oops Ling move that over and you could you recognize that as glucose right D glucose and when we draw the other one again the bottom is going to be exactly the same has not changed at all this is the c2 epimer of glucose which we've already seen a couple of times this is de Manos all right question on kill eonni Fisher synthesis yes it's the barium modifies the reactivity of the Palayam tones down the reactivity of the Palladian yeah all right so that's how we add a carbon we want to talk about how to take a carbon off and I your book has wall degradation and I'm choosing rough degradation instead yeah you can draw the cyclize I just drew it open chain yeah it's certainly going to mainly be cycle ice product all right so this is so I'm using rough degradation because these reagents are a little bit more familiar to you but it's a way to shorten the chain so bromine and water we already talked about what that's going to do the calcium hydroxide is just there to remove any of the acid that's present as we said when you have bromine water you do have some hbr so that second step is just to deprotonate and neutralize any acid that is present and then these reagents are not familiar to you but it's h2o to you'll recognize that as an oxidizing agent and fe2 so4 3 so oxidative decarboxylation and what happens is this co2 that's on the top right here goes away and I drew this wrong I have to put a no H here I think I drew it in it just erased it for me it does that sometimes and then so this goes away and then the top at this carbon number two right here ends up becoming an aldehyde all right so let's draw that back again so top carbon is converted to I'm co2 and then the second to the top carbon gets converted into an aldehyde and you could do this stepwise we talked about in the beginning when we talked about D and L sugars you can act you can take a carbon off at the time and two at a time until you get to the bottom and that's how Fischer was able to assign configuration for L sugars and D sugars all right so the rough tag rotation can be used in structure determination here's an example here and we'll see some more examples on the final review and maybe beyond the final what do you think alright so here's an example and what I recommend that you do is you read through the Fischer proof of structure that's in chapter 27 so you can see how all these reactions are used to determine how Fischer was able to come up with the structure and assign all of the stereocenters in glucose without any of the modern technology that we have now is pretty amazing he was able to do that ok so here's an example D altos is an aldohexose so it means it's six carbons and it's not a keto so it as an aldehyde at the top and right rough degradation of D ultros gives the same aldo pentose as does degradation of d aloes the c3 epimer of glucose give the structure of d ultros okay so i'm gonna draw it over here i know what d aloes looks like I know what it looks like because I've been given the information it's the c3 epimer of glucose so if we number from the top 1 2 3 4 5 6 C 3 up immerse so that means we have this is the same as glucose carbon number 4 is the same as glucose carbon number 3 and glucose the hydroxyl would be on the left but now it's on the right and on glucose the hydroxyl is here so that's D aloes and when I had to memorize this - this all the structures of the sugars when I was a student that was really easy to memorize because all of the hydroxyls are on the same side all I see yeah but it sticks it sticks with you that's stuck and that's the only one that I well that's one of the few I have memorized okay so that's d aloes which is the c3 epimer of glucose so at a minimum you need to memorize glucose otherwise you're not going to be able to solve any of these types of problems and what it says is that that d ultros is an aldohexose that gives the same aldo pentose as does degradation of d aloes the c3 up of our glucose so let's do a rough degradation of this one here and see what we get when we do a rough degredation all right so remember what happens here is that the this is oxidized to a carboxylic acid and then we do oxidative decarboxylation so this comes off and then carbon number 2 is converted into an aldehyde so let's draw that so carbon number 2 is now our aldehyde would everybody agree that that's the product you we get from rough degradation of D aloes everybody see that all right so if you're if you're going from the bottom everything's staying the same that carbon is the same that carbon is the same that carbon is the same that carbon is the same the only thing that changes is the top two carbons that's gone and that becomes now carbon one alright so what that means is that if they are going to have if they form the same sugar on rough degradation week that allows us to draw the structure of DL tros so what we're seeing here is that let's number this when we do a rough degradation this part of the molecule stays exactly the same so let's draw a square around that part of the molecule staying exactly the same and so that means that this part of the molecule is staying exactly the same so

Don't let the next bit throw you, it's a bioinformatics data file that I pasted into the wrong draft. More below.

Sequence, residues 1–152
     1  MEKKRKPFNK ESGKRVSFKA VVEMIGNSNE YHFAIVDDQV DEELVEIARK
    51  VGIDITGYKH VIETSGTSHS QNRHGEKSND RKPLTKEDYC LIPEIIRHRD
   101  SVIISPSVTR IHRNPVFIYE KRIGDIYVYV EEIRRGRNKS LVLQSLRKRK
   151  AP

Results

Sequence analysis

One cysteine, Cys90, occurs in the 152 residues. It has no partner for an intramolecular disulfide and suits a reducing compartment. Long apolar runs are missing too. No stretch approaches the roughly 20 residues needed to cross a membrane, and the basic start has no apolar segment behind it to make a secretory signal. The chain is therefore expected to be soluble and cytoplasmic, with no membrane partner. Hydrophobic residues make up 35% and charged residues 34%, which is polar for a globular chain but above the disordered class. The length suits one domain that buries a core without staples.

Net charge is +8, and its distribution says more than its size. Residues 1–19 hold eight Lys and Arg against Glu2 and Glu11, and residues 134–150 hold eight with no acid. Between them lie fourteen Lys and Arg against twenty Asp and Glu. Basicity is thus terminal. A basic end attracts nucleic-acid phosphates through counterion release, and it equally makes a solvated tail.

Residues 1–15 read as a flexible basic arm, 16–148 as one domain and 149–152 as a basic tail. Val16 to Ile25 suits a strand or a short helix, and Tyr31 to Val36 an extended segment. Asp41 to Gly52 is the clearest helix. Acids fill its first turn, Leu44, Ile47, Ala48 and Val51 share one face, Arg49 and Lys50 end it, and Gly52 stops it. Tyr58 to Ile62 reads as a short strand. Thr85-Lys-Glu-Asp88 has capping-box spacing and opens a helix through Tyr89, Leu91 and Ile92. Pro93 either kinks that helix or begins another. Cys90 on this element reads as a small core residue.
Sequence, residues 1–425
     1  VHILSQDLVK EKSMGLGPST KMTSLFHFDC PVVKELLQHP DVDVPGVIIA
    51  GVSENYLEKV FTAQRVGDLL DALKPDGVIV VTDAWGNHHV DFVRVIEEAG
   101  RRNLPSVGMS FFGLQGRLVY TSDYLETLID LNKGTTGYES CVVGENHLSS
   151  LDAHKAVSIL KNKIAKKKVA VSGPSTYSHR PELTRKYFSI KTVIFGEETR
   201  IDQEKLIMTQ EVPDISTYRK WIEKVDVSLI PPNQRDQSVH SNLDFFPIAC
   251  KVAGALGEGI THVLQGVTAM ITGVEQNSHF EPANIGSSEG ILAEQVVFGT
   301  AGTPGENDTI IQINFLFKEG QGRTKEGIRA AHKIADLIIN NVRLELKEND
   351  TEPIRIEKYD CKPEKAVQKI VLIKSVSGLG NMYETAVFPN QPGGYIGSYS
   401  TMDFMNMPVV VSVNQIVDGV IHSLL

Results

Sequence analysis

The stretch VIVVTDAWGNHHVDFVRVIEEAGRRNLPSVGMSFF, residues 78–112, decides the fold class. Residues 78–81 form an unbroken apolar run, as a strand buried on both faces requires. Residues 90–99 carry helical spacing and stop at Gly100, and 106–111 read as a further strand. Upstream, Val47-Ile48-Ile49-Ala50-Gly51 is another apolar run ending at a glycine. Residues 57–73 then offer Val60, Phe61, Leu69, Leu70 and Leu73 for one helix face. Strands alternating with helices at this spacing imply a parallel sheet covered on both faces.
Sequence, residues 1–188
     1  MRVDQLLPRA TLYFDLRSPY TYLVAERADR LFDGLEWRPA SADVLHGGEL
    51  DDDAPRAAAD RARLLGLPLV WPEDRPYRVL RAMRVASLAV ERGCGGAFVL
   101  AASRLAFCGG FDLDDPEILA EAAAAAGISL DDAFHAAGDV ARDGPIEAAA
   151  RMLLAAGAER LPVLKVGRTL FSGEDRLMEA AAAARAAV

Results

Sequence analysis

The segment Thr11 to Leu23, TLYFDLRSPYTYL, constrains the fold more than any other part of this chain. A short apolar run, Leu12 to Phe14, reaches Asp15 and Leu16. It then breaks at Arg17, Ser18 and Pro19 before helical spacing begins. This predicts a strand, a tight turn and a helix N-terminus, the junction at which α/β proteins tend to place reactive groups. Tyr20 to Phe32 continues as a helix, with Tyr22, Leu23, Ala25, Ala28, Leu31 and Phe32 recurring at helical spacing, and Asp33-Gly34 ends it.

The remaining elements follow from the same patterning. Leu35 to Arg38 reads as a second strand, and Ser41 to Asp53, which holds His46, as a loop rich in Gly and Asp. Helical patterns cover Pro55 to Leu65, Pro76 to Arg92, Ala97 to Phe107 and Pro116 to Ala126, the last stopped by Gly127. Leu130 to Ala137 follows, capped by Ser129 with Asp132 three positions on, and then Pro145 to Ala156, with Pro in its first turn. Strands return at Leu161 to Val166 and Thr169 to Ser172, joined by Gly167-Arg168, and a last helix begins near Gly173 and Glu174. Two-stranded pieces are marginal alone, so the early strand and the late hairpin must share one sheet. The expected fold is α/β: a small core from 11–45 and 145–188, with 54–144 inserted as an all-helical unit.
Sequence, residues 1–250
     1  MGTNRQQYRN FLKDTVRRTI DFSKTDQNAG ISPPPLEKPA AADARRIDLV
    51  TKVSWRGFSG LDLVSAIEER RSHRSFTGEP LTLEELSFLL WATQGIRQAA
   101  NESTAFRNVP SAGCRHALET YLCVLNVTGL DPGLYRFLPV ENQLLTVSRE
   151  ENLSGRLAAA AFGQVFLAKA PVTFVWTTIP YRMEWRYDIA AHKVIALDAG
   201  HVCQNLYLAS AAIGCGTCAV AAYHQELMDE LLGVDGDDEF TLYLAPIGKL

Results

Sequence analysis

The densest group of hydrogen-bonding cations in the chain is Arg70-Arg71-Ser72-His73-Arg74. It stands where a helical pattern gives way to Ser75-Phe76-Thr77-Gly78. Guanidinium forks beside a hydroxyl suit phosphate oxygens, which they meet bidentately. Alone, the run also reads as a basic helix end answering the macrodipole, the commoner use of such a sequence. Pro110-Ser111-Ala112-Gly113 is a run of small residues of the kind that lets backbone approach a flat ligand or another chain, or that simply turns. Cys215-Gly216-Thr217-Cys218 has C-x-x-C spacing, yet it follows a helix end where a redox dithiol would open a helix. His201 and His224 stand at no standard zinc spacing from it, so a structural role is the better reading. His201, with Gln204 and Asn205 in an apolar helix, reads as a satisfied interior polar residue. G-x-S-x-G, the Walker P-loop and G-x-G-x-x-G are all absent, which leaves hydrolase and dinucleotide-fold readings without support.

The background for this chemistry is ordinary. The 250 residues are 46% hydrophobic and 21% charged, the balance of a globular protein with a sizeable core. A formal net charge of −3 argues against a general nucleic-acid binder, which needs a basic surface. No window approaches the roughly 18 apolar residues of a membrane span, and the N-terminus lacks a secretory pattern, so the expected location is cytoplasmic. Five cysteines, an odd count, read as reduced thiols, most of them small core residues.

it means that this is d ultros questions on how I did that so there's only two possible configurations at the stereo center here has a hydroxyl on the right here has the hydroxyl on the left and so if it's that the hydroxyl was on the right it would be D Alice it's not it's D ultros and so that means that that's the structure of the outros questions anybody too easy too easy for the final you think I heard it yeah out there okay all right let's add the last reaction we want to talk about where sugars you're familiar with this reaction sodium borohydride what does it reduce aldehydes and ketones right okay it's gonna and it needs to be in the open chain form for this to work okay so we're going to reduce this aldehyde it's going to be oxidized and reduced to a and primary alcohol and if you've gone to discussion already some of you have some of you haven't once you make the both ends of the sugar the same you can look for planes of symmetry here and so here's another example of wing making the both ends the same we have three stereocenters right here okay so when we oxidize when we reduce the aldehyde we still have three stereo centers here but notice the mall once we oxidize reduce like people want to say oxidize once we reduce the aldehyde both ends are the same and we actually have a plane of symmetry right here if we slice slice it right through that hydrogen oxygen bond and the hydrogen on the other side this molecule is actually a chiral and this is another thing that Don Fischer used in is proof of structure of glucose things like this to assign configuration of sugars questions on reduction of sugars anybody let's talk a little bit about disaccharides we've already said we've already mentioned that if you take the an americorps bit of a sugar plus an alcohol you have an asset al which is a glycoside right if ROH if the alcohol is another sugar you of a disaccharide which is composed of two monosaccharides you nuts in naturally-occurring disaccharides there are three principal glycosidic bond arrangements I'm going to give you an example of each of these so and I want you to be able to identify these if I give you the structure of a disaccharide I want you to be able to to indicate what type of linkage you have alright it's not that hard a one for prime link the animerica Arvin c1 is bonded to the oxygen atom on c4 ii sugar to form a disaccharide the prime symbol and one for prime indicates that c-4 is on the second sugar i'll show you what that means in just a second I've 1/6 primelink the an American c1 is bonded to the oxygen atom on c6 of the second sugar and in one-one Prime the anomeric carbon of the first sugars wanted through an oxygen to the anomeric carbon of the second sugar okay so let's look at some examples of each of these so this is lacta lactose are right so one of those monosaccharides that makes up lactose is a glucose what which one is glucose this one or this one that's glucose which epimer of glucose is this one 1 2 3 4 c4 epimer of glucose ok so we want to we want to look at our Annie we have two an americorps birds here in America carbon um is an acetal here so it's a glycoside we have a second and Romaric carbon because we have a second sugar here's our second and I'm Eric Cartman is a hemiacetal alright so and this first sugar right here is galactose you don't need to have that memorized I would tell you what that was our first sugar is d co lactose and the first sugar is usually drawn over to the left in fact that's the way I'm going to draw it for you so this is galactose the c4 epimer of glucose so first sugar drawn over to the right second sugar over here is glucose and notice notice here that this is is this carbon right here the glycosidic carbon there is that alpha or beta its beta right so this is beta and we're and and this so sugar number one is bonded to sugar number two through the oxygen on carbon number four one two three four right it's bonded through the oxygen on carbon number four so this is a beta one four prime sugar number one is galactose so it's a galactose siddik linkage beta one four prime galactose CITIC linkage and the galactose itta clink egde that's because sugar number one is galactose alright questions on how I did that so beta one four five galacto civic linkage maltose which is a starch is a one four prime glucose iddah clink which between two glucose units so that means that their first sugar is glucose on the second sugar is glucose all right so we're looking for an American here and America carbon is an acetal so it's a glycoside that's the thing we want to label here's an America carbon number two is a hemiacetal all right so what is the orientation of the hydroxyl in carbon number one which offer right this is alpha and we are bonded through one two three four we're bonded through the four carbon number four of our second sugar so this is an alpha 1-4 prime glucose itta clink ??j-- now are either one of these reducing sugars they're both reducing sugars so well we will not oxidize this ring at all but this ring can open and close and soak in that one so they're both reducing sugars well we'll talk more
about that next time
you